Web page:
It's an old standard in the news business that any reporter on the same beat for more than a few years is probably a hack. That's far from true for Pat Moore. She's in her 25th year at the Palm Beach Post, covering nothing more significant than the courthouse in the paper's Martin County outpost. Despite job offers in the Post's main office and loads of journalism prizes, including a Scripps Howard Foundation award for Distinguished Service to the First Amendment, Moore has insisted upon continuing to cover the same old beat. After all that time, Moore still relishes routinely scooping the cub reporters thrown at her in droves by the Stuart News. Some of her competitors, who typically last no more than a couple of years, include: Janet Weaver, now dean of faculty at the esteemed Poynter Institute for journalists; Tim Roche, Southern bureau chief for Time; and a staffer for New Times. Her competitors have coined nasty nicknames for the matriarch of Treasure Coast reporting (we don't dare reprint them), but sources still routinely go to her first. Now, after all these years, Moore is contemplating retirement. "Well, I'm getting tired," she says in a rare moment of self-deprecation. "I mean, at this point, I can cover a trial almost blindfolded."

Best Herald Writer Carol Marbin Miller The Miami-Dade Regional Juvenile Dentention Center is a dreary place. Lots of kids have hated it over the years, and the Herald has done some pretty good, aggressive stories. But when 17-year-old Omar Paisley died last year of a ruptured appendix, Herald social services writer Carol Marbin Miller picked up the challenge. Soon a grand jury, drawing heavily on Marbin Miller's plethora of stories on the incident, charged two nurses with manslaughter for ignoring the boy when they should have saved him. Later, officials made significant changes at the lockup. Just the latest strike for justice by Marbin Miller, the bane of the state's Department of Juvenile Justice, who has been the champion of every abused kid in the region for several years now.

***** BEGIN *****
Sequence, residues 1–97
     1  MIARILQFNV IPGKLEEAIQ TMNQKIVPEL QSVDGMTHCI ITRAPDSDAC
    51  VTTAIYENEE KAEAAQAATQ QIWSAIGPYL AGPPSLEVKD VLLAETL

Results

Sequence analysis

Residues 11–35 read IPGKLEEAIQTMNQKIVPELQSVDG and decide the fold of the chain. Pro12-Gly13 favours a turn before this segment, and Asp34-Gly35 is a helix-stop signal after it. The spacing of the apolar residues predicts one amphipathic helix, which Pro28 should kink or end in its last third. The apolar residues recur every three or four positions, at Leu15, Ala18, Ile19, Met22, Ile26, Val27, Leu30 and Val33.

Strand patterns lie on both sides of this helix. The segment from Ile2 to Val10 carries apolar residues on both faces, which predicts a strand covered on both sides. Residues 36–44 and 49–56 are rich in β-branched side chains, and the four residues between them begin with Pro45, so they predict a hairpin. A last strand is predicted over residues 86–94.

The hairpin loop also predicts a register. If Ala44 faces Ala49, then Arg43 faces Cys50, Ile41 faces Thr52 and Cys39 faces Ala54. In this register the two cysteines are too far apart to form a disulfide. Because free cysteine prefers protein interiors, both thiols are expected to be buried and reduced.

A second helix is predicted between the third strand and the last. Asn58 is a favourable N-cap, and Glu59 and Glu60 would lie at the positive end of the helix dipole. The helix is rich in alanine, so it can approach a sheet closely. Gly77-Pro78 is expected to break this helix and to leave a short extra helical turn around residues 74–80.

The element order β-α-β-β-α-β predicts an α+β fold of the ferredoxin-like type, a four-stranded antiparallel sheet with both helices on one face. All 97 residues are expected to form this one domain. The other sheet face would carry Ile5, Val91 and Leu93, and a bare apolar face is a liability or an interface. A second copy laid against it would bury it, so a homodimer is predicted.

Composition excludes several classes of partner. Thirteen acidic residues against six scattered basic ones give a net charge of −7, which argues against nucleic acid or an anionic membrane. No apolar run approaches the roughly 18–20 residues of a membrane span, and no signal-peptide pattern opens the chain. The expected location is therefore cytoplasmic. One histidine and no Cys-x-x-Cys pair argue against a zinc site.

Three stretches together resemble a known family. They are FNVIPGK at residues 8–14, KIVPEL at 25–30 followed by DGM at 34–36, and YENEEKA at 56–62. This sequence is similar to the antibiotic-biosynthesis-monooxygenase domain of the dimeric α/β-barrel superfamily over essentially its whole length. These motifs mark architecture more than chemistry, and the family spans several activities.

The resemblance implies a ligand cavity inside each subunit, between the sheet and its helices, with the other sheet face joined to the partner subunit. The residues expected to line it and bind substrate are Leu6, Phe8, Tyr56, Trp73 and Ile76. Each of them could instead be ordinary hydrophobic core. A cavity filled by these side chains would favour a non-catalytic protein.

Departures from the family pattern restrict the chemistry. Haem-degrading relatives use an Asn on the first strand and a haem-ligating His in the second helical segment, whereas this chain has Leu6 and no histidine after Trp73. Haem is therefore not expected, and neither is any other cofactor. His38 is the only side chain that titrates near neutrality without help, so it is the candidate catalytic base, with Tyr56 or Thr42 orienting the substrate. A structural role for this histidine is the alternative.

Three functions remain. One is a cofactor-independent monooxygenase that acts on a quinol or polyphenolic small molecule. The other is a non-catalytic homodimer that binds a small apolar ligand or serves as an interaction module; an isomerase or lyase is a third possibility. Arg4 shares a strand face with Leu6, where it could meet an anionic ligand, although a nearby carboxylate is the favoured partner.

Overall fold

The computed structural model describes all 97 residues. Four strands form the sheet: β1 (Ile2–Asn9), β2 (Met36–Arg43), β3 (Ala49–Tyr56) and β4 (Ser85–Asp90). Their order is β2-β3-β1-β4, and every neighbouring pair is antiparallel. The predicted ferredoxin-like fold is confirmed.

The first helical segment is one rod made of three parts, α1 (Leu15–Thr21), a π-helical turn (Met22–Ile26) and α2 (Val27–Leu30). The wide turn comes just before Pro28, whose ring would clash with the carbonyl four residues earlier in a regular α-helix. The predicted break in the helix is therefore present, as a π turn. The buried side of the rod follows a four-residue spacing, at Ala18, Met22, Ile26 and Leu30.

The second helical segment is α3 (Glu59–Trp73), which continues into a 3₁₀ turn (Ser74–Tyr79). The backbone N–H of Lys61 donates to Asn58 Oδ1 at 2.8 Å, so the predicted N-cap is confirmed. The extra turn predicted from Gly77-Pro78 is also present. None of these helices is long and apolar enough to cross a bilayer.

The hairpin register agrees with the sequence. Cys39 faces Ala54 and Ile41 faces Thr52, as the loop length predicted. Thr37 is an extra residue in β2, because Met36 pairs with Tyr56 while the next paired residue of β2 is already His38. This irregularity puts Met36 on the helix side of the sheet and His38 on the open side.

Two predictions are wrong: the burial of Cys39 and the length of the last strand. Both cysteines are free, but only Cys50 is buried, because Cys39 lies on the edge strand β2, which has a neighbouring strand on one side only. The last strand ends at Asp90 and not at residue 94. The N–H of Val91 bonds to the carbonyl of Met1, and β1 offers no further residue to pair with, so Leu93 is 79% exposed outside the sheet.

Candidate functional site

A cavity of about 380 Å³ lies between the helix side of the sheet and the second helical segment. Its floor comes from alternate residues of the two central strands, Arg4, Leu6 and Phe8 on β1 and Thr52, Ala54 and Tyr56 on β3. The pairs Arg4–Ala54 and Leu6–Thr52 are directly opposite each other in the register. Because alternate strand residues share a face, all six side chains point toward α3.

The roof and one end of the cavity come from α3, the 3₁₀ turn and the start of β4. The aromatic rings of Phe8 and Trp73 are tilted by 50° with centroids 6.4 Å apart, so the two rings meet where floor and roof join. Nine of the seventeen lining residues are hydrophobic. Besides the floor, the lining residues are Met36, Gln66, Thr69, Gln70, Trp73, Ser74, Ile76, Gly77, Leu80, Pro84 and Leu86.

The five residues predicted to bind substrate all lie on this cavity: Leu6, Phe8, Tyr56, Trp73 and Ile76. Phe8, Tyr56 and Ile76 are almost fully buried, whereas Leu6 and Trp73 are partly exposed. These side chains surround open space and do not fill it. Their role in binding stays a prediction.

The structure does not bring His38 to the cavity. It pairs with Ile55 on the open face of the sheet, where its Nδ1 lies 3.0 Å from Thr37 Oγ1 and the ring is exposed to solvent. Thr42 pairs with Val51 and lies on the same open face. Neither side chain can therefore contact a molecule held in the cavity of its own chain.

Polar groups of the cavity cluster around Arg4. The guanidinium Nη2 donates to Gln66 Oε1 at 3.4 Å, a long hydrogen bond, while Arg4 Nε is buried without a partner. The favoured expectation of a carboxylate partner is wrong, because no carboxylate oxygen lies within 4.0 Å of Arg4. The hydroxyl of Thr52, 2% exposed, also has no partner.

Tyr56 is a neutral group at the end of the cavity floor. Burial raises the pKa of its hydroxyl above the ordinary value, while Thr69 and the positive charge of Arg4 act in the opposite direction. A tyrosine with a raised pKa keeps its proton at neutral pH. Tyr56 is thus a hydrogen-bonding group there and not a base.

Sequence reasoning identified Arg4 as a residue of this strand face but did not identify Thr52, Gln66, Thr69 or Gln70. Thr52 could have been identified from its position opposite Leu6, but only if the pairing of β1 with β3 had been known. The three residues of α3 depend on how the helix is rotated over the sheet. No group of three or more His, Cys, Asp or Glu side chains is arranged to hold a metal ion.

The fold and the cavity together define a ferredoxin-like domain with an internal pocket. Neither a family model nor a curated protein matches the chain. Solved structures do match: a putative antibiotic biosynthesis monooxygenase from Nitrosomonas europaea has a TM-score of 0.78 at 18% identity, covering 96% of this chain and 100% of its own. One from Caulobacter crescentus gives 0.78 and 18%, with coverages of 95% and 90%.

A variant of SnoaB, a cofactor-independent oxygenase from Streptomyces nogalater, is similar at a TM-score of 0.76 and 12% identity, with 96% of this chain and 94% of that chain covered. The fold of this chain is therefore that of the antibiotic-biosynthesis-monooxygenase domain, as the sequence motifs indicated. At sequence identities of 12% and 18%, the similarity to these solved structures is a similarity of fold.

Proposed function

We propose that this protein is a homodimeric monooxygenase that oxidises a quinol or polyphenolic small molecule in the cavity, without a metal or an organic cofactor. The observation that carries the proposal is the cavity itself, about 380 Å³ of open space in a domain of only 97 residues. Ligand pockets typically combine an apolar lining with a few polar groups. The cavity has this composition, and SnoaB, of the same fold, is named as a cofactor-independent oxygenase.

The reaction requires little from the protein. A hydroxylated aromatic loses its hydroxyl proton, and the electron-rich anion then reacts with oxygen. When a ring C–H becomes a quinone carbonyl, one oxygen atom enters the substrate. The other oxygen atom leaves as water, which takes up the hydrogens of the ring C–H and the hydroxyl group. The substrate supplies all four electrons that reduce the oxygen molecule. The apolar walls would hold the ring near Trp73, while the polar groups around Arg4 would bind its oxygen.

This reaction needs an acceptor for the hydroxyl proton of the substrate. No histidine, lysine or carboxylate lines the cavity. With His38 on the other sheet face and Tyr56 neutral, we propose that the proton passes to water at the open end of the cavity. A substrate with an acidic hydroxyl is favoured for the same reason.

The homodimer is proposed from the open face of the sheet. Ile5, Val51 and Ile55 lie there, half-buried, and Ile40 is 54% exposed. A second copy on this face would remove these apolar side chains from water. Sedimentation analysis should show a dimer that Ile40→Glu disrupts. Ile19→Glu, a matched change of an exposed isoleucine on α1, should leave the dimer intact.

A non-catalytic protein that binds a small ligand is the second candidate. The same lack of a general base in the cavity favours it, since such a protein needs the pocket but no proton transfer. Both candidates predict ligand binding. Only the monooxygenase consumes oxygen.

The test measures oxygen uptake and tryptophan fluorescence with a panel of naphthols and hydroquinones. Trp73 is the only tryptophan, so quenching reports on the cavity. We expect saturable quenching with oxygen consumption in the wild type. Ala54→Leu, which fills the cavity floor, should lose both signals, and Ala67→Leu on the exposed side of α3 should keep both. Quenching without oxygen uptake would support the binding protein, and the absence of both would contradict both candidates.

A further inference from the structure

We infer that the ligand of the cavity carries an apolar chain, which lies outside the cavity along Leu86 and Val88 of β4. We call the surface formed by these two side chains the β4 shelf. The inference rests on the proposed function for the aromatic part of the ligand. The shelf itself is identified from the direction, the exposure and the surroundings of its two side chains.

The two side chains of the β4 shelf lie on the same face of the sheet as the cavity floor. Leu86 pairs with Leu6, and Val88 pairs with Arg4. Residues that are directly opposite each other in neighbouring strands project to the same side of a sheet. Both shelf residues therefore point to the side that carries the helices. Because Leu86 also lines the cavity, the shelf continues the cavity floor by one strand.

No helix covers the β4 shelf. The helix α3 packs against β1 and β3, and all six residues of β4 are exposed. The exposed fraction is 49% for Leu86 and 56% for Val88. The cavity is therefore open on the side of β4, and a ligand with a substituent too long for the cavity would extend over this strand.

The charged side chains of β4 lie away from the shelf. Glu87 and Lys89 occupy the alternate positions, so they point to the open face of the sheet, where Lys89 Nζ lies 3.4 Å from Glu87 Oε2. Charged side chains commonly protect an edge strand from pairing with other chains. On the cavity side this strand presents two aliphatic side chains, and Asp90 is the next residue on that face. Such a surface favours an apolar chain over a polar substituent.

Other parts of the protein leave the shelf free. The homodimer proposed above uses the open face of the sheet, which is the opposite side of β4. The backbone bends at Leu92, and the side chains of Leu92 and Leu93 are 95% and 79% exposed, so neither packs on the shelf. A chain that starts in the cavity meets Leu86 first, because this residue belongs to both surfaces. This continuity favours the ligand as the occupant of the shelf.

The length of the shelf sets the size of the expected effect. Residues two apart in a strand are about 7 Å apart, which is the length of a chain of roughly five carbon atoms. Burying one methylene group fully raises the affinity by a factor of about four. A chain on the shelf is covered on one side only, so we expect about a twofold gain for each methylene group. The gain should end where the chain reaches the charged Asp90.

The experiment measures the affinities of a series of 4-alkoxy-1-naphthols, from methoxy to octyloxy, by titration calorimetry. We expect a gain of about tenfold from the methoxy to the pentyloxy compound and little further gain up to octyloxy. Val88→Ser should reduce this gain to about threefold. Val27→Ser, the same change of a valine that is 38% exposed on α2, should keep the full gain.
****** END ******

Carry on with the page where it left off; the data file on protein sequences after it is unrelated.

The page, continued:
A story in The Palm Beach Post Wednesday on the history of cross-dressing included a reference to former FBI Director J. Edgar Hoover as 'a closet cross-dresser.' Most historians have concluded that Hoover was not a cross-dresser, despite the rumors that have circulated for years. The story appeared on the front page of the Accent section."

That's pretty darn good. But check out the original text from the October 1 article, which -- we swear -- actually read: "J. Edgar Hoover: He gave a whole new meaning to the word dragnet when declassified documents showed that the FBI chief was a closet cross-dresser. Makes you wonder who 'America's 10 most wanted men' really were."

Best Journalistic Restraint Sun-Sentinel Travel editor Thomas Swick Swick described this delicious scenario on March 28 in a story titled "You Can't Hop a Jet Plane": The editor is late to catch a plane to Thailand. A delay at the Fort Lauderdale-Hollywood International Airport means he has only a narrow window to make his connection. When his jet touches down at LAX, he tries to push past the other passengers to the front of the plane. Some let him through, but one man refuses to move out of the way and says, "We've got a plane to catch too." Swick whines that he has only 20 minutes. Then the other guys responds: "I wish we had 20 minutes." Our itinerant master of modesty doesn't just snap back, "Do you know who I am?" Oh no. "I hold back the fact I am a travel writer and that there are dozens of people (at least) back home waiting for my stories." (Actually, our sources report, the true number of interested parties is 16.)

Eye Doctor Helped Blind Patients."

All we wanna know is, did he hold 'em down or actually poke out the poor bastards' peepers.

Reality shows became so ubiquitous there for a while that it became second nature to ignore them. And that would have been the case with The Surreal Life, an utter time-waster starring Ron Jeremy, Tammy Faye Messner, Vanilla Ice, Erik Estrada, and some other losers. Above their mugs, brief descriptors floated, identifying Jeremy as "the Porn Star" and Tammy Faye as "the Evangelist," etc. In a January issue of City Link, until it was corrected, the item provided an interesting description of Davie's own Vanilla Iceman, the one-hit Wonder-breader whose real name is Rob Van Winkle. For seven glorious days, he was "The Vanilla Raper."